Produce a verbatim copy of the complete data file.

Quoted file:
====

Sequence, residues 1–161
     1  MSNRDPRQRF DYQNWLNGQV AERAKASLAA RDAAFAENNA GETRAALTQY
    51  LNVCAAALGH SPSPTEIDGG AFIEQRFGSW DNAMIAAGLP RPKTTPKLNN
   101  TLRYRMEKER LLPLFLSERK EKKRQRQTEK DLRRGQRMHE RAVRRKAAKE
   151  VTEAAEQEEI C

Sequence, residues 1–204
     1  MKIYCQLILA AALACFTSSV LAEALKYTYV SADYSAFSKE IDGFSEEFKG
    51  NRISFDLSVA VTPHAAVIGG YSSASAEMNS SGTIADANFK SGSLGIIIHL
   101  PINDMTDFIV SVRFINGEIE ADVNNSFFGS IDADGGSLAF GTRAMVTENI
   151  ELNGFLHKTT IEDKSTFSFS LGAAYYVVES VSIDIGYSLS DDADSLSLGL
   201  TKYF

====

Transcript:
Sequence, residues 1–161
     1  MSNRDPRQRF DYQNWLNGQV AERAKASLAA RDAAFAENNA GETRAALTQY
    51  LNVCAAALGH SPSPTEIDGG AFIEQRFGSW DNAMIAAGLP RPKTTPKLNN
   101  TLRYRMEKER LLPLFLSERK EKKRQRQTEK DLRRGQRMHE RAVRRKAAKE
   151  VTEAAEQEEI C

Sequence, residues 1–204
     1  MKIYCQLILA AALACFTSSV LAEALKYTYV SADYSAFSKE IDGFSEEFKG
    51  NRISFDLSVA VTPHAAVIGG YSSASAEMNS SGTIADANFK SGSLGIIIHL
   101  PINDMTDFIV SVRFINGEIE ADVNNSFFGS IDADGGSLAF GTRAMVTENI
   151  ELNGFLHKTT IEDKSTFSFS LGAAYYVVES VSIDIGYSLS DDADSLSLGL
   201  TKYF